client to abort an on-going authentication exchange by initiating a client to abort an on-going authentication exchange by initiating a
new authentication exchange. Protocols which do not support new authentication exchange. Protocols which do not support
multiple authentications may require the client to close the multiple authentications may require the client to close the
connection and start over to abort an on-going authentication connection and start over to abort an on-going authentication
exchange. exchange.
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SASL mechanism specifications MUST supply the following information: SASL mechanism specifications MUST supply the following information:
1) The name of the mechanism (see Section 3.1). This name MUST be 1) The name of the mechanism (see Section 3.1). This name MUST be
registered as discussed in Section 7.1. registered as discussed in Section 7.1.
2) A definition of the server-challenges and client-responses of the 2) A definition of the server-challenges and client-responses of the
authentication exchange, as well as: authentication exchange, as well as:
a) An indication whether mechanism is client-first, variable, or a) An indication whether mechanism is client-first, variable, or
server-first. If a SASL mechanism is defined as client-first server-first. If a SASL mechanism is defined as client-first
and the client does not send an initial response, then the first and the client does not send an initial response in the
server challenge MUST be empty (the EXTERNAL mechanism is an authentication request, then the first server challenge MUST be
example of this case). If a SASL mechanism is defined as empty (the EXTERNAL mechanism is an example of this case). If a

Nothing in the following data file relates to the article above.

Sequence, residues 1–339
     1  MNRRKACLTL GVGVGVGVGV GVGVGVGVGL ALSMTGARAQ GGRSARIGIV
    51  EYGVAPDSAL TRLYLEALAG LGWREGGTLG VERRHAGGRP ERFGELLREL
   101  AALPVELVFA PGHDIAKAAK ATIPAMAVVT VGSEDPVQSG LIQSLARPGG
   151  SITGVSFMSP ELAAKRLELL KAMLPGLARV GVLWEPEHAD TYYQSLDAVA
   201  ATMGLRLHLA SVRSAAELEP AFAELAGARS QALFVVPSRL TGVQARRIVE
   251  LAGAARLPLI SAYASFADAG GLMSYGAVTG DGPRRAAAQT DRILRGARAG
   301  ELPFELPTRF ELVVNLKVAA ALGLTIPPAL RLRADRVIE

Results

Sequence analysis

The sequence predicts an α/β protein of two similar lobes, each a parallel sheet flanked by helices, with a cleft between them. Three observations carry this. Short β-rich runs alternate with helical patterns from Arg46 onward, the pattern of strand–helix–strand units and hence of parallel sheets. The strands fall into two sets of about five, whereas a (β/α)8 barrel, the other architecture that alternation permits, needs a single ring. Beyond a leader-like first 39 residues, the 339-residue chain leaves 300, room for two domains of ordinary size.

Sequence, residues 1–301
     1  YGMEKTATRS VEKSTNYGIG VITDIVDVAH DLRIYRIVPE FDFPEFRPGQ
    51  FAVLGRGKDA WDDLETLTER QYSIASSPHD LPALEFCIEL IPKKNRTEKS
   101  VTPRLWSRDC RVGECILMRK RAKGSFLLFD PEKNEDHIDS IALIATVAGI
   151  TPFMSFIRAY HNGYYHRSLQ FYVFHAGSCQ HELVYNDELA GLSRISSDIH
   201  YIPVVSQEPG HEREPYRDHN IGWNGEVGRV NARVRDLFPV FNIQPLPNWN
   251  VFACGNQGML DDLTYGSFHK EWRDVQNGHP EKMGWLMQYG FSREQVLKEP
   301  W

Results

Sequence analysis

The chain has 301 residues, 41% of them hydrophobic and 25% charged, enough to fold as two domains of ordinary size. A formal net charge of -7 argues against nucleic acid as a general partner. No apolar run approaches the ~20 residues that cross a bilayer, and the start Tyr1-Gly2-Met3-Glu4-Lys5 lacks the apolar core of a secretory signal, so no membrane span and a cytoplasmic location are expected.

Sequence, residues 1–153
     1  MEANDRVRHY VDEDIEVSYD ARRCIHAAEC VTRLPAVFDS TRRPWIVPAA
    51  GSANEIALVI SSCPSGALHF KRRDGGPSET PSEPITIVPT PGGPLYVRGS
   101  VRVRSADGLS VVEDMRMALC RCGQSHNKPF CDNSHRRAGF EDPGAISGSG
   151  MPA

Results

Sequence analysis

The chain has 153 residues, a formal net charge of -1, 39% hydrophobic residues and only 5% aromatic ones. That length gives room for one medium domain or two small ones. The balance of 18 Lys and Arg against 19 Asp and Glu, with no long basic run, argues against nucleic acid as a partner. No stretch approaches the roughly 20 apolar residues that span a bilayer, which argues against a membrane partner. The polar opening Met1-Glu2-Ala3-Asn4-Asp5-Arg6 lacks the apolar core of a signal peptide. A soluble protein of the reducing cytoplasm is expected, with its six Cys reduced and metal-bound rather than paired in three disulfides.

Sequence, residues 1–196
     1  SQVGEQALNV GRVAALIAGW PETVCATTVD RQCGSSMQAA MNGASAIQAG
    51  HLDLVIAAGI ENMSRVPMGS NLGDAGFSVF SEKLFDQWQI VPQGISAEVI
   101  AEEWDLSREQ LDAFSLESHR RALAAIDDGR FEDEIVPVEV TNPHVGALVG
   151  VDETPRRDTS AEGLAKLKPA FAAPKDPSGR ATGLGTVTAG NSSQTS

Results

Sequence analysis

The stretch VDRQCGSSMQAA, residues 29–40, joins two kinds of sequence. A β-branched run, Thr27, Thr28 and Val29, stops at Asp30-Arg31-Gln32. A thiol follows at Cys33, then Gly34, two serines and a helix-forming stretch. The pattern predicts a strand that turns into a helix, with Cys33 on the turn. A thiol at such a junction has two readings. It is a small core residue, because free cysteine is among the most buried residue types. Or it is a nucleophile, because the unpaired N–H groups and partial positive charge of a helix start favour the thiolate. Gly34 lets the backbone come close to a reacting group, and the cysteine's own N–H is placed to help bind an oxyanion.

variable, then the specification needs to state how the server SASL mechanism is defined as variable, then the specification
behaves when the initial client response is omitted (the needs to state how the server behaves when the initial client
response in the authentication request is omitted (the
DIGEST-MD5 mechanism [DIGEST-MD5] is an example of this case). DIGEST-MD5 mechanism [DIGEST-MD5] is an example of this case).
If a SASL mechanism is defined as server-first then the client If a SASL mechanism is defined as server-first then the client
MUST NOT send an initial client response (the CRAM-MD5 mechanism MUST NOT send an initial client response in the authentication
[CRAM-MD5] is an example of this case). request (the CRAM-MD5 mechanism [CRAM-MD5] is an example of this
case).
b) An indication whether the server is expected to provide b) An indication whether the server is expected to provide
additional data when indicating a successful outcome. If so, if additional data when indicating a successful outcome. If so, if
the server sends the additional data as a challenge, the the server sends the additional data as a challenge, the